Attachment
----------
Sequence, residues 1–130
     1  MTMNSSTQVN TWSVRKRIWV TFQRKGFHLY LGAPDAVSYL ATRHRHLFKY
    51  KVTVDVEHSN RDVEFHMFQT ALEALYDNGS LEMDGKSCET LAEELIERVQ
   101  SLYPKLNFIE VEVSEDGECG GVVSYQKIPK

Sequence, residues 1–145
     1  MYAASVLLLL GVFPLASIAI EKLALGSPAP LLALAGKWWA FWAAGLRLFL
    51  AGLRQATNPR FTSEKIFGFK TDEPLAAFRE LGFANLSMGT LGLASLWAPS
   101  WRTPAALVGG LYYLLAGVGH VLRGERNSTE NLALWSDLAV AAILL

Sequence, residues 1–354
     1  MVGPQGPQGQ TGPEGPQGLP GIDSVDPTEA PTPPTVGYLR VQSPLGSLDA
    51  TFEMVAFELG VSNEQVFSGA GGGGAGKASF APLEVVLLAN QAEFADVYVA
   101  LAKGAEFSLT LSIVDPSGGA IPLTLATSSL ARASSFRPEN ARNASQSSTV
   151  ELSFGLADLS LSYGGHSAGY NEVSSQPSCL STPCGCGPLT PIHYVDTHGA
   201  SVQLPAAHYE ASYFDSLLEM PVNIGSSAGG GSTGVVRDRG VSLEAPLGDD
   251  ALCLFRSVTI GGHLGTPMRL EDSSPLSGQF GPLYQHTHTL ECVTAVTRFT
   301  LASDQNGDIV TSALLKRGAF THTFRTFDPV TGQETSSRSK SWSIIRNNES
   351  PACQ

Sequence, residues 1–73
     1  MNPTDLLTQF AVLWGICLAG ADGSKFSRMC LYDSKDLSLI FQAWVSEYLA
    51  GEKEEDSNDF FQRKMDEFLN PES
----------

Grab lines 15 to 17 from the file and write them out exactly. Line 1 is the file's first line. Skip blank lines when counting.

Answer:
   251  ALCLFRSVTI GGHLGTPMRL EDSSPLSGQF GPLYQHTHTL ECVTAVTRFT
   301  LASDQNGDIV TSALLKRGAF THTFRTFDPV TGQETSSRSK SWSIIRNNES
   351  PACQ